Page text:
The American antibiotic-free revolution that wasn’t

It wasn’t just the FDA’s new rules that caused antibiotic sales for livestock to plummet over a two-year period—Big Chicken also played a role.

In the early 2000s, the nation’s fourth-largest chicken producer, Perdue Farms, began efforts to wean its birds off antibiotics, which it accomplished in 2016 by changing its chickens’ diet and replacing antibiotics with vaccines and probiotics. Initially, chicken raised without antibiotics cost 50 percent more, but the company says it has since been able to all but close the cost gap.

In the mid-2010s, as Perdue made progress, activists capitalized on the momentum and convinced McDonald’s to buy chicken raised without medically important antibiotics. Tyson Foods, the nation’s largest poultry producer, then committed to reducing antibiotic use, contributing to a “domino effect” in which producers and restaurants made further pledges to reduce antibiotics in poultry, Wellington said.

In 2020, just over half of America’s 9 billion chickens raised for meat were raised without antibiotics, according to an industry survey.

The sea change in chicken production showed that it was possible to quickly scale back antibiotics in farming, but it did not do much to reduce overall use, as the chicken industry used only 6 percent of antibiotics in agriculture in 2016. t is spreading to other parts of the meat industry, such as beef and pork, which together account for over 80 percent of medically important antibiotics fed to farm animals.

Some of the lack of progress in beef and pork comes down to the simple fact that pigs and cattle are raised differently than chickens. Chickens are slaughtered at only six or seven weeks old, so the chance of them getting sick is less than pigs that are slaughtered at six months old, or cattle that are slaughtered at around three years of age.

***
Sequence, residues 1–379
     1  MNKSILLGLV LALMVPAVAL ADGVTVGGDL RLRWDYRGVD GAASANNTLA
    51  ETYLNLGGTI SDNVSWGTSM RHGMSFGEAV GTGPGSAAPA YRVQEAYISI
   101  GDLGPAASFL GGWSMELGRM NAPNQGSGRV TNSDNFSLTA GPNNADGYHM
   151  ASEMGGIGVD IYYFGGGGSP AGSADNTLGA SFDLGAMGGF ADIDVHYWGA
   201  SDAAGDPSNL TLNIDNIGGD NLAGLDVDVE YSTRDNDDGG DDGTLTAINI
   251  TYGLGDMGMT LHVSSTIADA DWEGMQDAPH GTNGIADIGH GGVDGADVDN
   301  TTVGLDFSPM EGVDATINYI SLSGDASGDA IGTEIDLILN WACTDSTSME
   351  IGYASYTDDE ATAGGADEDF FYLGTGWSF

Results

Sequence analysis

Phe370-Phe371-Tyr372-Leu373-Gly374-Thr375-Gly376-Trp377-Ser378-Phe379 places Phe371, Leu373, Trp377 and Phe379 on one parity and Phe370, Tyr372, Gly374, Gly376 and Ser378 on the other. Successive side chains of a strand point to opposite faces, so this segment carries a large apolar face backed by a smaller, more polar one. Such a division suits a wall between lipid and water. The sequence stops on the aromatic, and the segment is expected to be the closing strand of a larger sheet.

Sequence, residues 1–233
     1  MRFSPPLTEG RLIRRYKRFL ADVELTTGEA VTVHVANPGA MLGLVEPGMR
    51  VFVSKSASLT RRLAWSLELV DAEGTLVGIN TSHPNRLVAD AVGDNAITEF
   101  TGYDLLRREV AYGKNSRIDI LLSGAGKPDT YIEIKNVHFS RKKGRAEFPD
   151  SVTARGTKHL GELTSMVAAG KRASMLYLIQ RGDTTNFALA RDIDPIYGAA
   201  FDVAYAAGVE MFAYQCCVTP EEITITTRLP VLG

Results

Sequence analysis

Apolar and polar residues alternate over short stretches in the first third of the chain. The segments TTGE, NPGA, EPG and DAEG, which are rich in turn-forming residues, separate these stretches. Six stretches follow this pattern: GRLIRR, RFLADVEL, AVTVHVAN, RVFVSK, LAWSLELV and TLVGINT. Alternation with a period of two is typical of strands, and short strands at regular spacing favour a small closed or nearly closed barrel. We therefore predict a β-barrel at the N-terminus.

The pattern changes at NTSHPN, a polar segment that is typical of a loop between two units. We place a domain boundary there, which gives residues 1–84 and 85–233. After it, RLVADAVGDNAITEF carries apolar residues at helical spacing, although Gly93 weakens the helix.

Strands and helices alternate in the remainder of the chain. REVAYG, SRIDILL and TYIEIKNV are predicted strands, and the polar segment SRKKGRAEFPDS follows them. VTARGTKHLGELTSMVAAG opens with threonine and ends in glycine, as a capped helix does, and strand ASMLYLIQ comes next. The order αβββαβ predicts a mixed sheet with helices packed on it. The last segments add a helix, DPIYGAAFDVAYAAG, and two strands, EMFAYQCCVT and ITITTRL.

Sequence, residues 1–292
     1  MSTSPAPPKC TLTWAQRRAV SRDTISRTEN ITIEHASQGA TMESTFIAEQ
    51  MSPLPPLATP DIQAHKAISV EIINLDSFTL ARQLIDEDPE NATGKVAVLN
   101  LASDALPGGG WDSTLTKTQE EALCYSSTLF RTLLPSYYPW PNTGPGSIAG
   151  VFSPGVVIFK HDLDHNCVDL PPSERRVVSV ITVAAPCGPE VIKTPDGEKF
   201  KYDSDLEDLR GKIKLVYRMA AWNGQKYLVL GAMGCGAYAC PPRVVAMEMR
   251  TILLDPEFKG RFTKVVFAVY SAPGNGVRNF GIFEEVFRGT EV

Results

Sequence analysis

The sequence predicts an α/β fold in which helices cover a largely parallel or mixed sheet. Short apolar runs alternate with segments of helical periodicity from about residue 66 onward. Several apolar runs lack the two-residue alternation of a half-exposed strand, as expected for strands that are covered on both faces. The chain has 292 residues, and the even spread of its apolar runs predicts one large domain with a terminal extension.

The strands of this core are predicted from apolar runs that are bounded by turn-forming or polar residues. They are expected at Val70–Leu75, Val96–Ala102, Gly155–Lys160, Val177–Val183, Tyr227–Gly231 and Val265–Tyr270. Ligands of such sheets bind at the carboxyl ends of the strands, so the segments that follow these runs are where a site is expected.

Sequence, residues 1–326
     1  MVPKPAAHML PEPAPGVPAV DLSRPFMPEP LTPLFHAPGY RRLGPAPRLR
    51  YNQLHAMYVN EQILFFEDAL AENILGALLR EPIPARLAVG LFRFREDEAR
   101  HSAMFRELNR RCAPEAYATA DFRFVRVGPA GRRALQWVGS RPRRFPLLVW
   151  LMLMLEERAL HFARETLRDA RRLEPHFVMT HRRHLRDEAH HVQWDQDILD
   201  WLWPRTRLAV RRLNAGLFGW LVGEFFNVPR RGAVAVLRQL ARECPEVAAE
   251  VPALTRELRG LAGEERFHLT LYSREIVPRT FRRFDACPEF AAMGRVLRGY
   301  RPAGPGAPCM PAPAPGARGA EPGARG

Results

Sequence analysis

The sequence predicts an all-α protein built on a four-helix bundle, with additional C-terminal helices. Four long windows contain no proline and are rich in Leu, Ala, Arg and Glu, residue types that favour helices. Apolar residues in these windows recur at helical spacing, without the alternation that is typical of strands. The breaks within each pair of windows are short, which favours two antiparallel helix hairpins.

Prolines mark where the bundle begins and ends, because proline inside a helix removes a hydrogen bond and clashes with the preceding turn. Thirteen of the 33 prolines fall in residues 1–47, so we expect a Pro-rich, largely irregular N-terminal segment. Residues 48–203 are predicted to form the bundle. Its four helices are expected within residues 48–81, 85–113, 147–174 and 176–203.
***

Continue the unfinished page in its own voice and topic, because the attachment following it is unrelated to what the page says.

The chicken industry is also vertically integrated, meaning a company like Tyson or Perdue controls virtually every link in the supply chain, so it’s easier to make big changes like cutting out antibiotics than in the more decentralized beef supply chain. For example, the typical steer will change hands several times before slaughter, from breeder to pasture to feedlot, making it more difficult to coordinate an antibiotic-free diet. During the last months of their lives, cattle are also fed a high-grain diet that they are not adapted to digest, increasing the chance of them developing a liver abscess, a condition that is prevented with—you guessed it—antibiotics.

The pork sector, like poultry, is also vertically integrated, but the industry has largely resisted animal welfare, environmental and antibiotic reforms. Antibiotics in pig production increased by 25 per cent from 2017 to 2021.

Nor is any pig or cattle champion that has taken the antibiotic-free leap that Perdue did for chicken. That could change in the coming years: McDonald’s, the world’s largest beef purchaser, announced at the end of 2022 that it plans to reduce antibiotic use in its beef supply chain. However, the announcement did not come with a timeline, which worries advocates like Wellington, and the company has failed to deliver on other promises.

Although voluntary change can move the needle, without regulation, industry has little incentive to make the dramatic reductions necessary to protect antibiotics. While the FDA has banned meat producers from using antibiotics to promote growth — their original purpose in agriculture — some of the growth-promoting antibiotics, such as tylosin, are still allowed for disease prevention, a loophole that prevents producers from reducing antibiotics, Wellington said: “Our concern has always been that they’re just putting a different name on the same type of use, which is a problem.”

An aerial view of a few dozen cattle out in a feedlot.

Cattle at a feedlot in Texas.
Daniel Acker/Bloomberg via Getty Images